Henry David Thoreau

1817 - 1862

A Quote by Henry David Thoreau on friendship, language, meaning, and words

The language of friendship is not words but meanings.

Henry David Thoreau (1817 - 1862)

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A Quote by Henry David Thoreau on companions, loneliness, love, men, solitude, and thinking

I love to be alone. I never found the companion that was so companionable as solitude. We are for the most part more lonely when we go abroad among men than when we stay in our chambers. A man thinking or working is always alone, let him be where he will.

Henry David Thoreau (1817 - 1862)

Source: Walden(1854),V, Solitude

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A Quote by Henry David Thoreau on company

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I have a great deal of company in the house, especially in the morning when nobody calls.

Henry David Thoreau (1817 - 1862)

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A Quote by Henry David Thoreau on disappointment and quiet

If we will be quiet and ready enough, we shall find compensation in every disappointment.

Henry David Thoreau (1817 - 1862)

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A Quote by Henry David Thoreau on character, family, pity, silence, and support

Pity the man who has a character to support - it is worse than a large family - he is silent poor indeed.

Henry David Thoreau (1817 - 1862)

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A Quote by Henry David Thoreau on character, government, and people

The character inherent in the American people has done all that has been accomplished; and it would have done somewhat more, if the government had not sometimes got in its way.

Henry David Thoreau (1817 - 1862)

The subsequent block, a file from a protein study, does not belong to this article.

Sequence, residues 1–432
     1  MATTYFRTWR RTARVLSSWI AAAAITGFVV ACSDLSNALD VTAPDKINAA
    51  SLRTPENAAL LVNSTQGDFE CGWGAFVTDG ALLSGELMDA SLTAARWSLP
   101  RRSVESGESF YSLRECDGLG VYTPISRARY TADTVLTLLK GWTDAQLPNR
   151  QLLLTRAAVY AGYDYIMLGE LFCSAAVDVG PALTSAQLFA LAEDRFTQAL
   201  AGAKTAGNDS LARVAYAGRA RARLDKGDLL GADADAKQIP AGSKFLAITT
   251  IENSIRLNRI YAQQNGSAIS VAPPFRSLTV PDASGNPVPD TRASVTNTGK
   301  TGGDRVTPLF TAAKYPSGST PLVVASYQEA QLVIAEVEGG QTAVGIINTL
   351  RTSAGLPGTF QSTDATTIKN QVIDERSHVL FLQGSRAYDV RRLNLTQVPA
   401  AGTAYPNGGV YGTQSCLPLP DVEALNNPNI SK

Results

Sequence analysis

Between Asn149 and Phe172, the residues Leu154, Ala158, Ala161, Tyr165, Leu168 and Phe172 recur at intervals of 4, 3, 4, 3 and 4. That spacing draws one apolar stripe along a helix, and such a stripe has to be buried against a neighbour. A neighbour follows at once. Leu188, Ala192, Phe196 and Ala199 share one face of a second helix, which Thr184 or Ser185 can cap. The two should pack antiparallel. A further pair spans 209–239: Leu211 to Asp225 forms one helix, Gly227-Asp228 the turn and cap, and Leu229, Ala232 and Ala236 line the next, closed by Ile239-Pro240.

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A Quote by Henry David Thoreau on money

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If you give money, spend yourself with it.

Henry David Thoreau (1817 - 1862)

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A Quote by Henry David Thoreau on children, experience, failure, laws, life, men, and play

Children, who play life, discern its true law and relations more clearly than men, who fail to live it worthily, but who think that they are wiser by experience, that is, by failure.

Henry David Thoreau (1817 - 1862)

Source: "Where I Lived, and What I Lived For," Walden, 96

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A Quote by Henry David Thoreau on companions, music, and path

Each entered the forest at a point he, himself, had chosen, where it was darkest and there was no path. If a man does not keep pace with his companions perhaps it is because he hears a different drummer. Let him step to the music he hears, however measured or far away.

Henry David Thoreau (1817 - 1862)

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A Quote by Henry David Thoreau on circumstances

Some circumstantial evidence is very strong, as when you find a trout in the milk.

Henry David Thoreau (1817 - 1862)

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